There are plenty of reputable crypto enthusiasts who argue that the currency is a hedge against inflation, and a bulwark against corrupt governments. The blockchain ledgers on which it is stored are said to be incorruptible, and the complex mathematical equations required to unlock the coins constrain supply. But these digital assets also undoubtedly attract those looking to launder fiat currency from dubious sources. One report last year found that $8.6 billion was laundered through cryptocurrency in 2021, up by 30% from the previous year. It’s the currency of choice from Mexican drug cartels, who pump about $25 million through it annually, to Russian mafia figures, one of whom was extradited from Greece to the United States last year, charged with a $4 billion laundering scheme.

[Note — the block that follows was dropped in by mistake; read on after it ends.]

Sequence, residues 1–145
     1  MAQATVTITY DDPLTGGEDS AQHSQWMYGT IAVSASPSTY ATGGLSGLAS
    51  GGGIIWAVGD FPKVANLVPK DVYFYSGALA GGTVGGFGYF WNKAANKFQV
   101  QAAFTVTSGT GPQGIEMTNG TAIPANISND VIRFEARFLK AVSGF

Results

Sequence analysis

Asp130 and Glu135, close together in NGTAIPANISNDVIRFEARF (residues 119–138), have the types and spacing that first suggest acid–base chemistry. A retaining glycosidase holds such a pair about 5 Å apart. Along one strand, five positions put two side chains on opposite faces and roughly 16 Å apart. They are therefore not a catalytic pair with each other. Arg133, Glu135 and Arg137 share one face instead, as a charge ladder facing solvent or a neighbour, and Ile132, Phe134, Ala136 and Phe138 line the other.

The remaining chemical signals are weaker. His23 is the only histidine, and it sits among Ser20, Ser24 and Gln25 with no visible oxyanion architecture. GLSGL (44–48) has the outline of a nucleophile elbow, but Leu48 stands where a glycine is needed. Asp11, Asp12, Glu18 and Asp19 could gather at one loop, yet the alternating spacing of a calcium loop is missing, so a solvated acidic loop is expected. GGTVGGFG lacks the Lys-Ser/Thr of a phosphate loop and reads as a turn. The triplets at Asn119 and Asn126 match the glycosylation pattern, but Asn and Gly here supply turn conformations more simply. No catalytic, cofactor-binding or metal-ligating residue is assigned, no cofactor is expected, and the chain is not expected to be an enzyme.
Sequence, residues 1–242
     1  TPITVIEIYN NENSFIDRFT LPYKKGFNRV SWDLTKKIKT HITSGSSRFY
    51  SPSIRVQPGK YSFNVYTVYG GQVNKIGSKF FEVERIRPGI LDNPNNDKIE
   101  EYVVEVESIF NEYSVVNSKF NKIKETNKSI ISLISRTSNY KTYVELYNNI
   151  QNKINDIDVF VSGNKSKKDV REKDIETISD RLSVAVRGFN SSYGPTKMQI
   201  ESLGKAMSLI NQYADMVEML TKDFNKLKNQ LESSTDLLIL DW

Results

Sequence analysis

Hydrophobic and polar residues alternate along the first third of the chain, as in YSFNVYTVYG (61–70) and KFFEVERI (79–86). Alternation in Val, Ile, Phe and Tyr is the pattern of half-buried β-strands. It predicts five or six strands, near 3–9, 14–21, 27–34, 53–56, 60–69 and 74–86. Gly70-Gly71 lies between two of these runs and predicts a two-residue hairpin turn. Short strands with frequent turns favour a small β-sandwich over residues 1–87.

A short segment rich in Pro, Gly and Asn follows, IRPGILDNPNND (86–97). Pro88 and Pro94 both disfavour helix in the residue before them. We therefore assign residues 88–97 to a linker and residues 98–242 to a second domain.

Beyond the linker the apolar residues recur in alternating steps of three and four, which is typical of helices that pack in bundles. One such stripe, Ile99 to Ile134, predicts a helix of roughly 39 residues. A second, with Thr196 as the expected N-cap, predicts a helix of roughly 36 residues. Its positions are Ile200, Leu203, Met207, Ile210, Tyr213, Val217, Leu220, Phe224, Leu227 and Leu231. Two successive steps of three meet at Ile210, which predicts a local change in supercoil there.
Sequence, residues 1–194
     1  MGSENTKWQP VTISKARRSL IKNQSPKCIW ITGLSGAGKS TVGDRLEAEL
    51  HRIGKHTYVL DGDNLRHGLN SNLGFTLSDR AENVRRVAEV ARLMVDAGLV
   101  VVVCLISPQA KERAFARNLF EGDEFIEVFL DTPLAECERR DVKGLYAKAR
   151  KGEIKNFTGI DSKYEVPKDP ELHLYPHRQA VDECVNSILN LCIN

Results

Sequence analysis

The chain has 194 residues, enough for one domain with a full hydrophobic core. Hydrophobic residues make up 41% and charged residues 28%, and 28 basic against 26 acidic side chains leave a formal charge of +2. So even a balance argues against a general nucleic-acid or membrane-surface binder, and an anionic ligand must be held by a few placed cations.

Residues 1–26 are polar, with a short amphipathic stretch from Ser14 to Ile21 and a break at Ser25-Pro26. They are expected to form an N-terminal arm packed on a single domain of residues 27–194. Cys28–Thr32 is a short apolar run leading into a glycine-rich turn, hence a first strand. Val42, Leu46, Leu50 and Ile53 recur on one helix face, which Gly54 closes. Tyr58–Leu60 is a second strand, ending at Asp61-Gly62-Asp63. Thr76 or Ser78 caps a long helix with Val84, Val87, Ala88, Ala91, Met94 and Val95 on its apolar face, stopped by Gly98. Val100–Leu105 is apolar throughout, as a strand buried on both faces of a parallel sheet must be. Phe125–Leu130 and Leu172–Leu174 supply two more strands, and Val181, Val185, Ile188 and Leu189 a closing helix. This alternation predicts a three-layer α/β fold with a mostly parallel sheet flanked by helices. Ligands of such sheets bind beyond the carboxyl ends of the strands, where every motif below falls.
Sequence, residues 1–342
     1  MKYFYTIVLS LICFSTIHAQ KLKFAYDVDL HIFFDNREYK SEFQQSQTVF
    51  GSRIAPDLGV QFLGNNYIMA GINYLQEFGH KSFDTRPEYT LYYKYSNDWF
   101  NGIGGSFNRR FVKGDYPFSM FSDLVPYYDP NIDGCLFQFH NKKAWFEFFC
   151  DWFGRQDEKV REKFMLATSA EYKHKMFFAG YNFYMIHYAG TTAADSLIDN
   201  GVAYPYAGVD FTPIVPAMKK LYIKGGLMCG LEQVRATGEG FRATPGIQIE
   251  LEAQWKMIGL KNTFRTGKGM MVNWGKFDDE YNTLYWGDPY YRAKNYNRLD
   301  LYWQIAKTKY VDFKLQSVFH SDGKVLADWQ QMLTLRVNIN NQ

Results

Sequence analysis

Miami has, inevitably, seen a number of high profile crypto-related arrests. In January, Anatoly Legkodymov — a Russian national who legally resides in China, operated the crypto exchange Bitzlato out of Hong Kong, and did his work in Miami — was arrested by Florida authorities for running a $700 million “haven” for funds “intended for use in criminal activity”. Months earlier, a respected 76-year-old University of Miami professor of global crime networks was jailed for money laundering. He had been working with Alex Saab, a Colombian national and “super facilitator” for sanctioned countries looking to do business in global markets, who used Venezuelan cryptocurrency Petro Gold for many of the transactions.